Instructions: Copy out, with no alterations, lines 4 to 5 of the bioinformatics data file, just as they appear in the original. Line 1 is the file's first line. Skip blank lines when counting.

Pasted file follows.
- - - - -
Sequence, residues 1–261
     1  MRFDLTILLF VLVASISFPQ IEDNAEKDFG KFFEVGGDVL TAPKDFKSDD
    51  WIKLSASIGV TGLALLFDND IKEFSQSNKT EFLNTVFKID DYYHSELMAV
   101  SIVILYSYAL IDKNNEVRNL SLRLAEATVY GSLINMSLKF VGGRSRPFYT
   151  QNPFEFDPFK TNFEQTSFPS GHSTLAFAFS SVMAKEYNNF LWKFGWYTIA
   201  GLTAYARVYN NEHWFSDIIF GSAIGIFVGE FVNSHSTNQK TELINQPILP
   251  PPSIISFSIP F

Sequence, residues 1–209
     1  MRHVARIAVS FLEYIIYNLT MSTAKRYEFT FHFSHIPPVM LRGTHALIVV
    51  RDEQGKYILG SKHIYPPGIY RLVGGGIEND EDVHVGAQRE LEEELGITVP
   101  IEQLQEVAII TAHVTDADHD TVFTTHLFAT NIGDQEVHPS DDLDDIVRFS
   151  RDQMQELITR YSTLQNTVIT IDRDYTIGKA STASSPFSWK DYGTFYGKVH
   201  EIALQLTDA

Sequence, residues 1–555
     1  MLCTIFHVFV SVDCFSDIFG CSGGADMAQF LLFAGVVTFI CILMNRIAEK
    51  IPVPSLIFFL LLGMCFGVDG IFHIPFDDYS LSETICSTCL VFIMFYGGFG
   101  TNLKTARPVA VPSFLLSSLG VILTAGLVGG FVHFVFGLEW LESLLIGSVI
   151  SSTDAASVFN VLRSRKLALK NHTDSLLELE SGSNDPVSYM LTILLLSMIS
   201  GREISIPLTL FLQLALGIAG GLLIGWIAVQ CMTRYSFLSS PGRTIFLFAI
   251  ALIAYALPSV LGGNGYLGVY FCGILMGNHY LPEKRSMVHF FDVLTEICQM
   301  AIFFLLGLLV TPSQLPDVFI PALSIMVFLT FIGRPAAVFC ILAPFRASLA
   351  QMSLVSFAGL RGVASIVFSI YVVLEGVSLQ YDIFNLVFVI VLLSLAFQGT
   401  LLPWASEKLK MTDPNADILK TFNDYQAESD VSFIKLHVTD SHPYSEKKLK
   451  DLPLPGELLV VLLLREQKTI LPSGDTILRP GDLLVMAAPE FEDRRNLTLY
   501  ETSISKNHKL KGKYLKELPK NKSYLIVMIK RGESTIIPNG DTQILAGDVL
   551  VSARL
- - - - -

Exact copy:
   101  SIVILYSYAL IDKNNEVRNL SLRLAEATVY GSLINMSLKF VGGRSRPFYT
   151  QNPFEFDPFK TNFEQTSFPS GHSTLAFAFS SVMAKEYNNF LWKFGWYTIA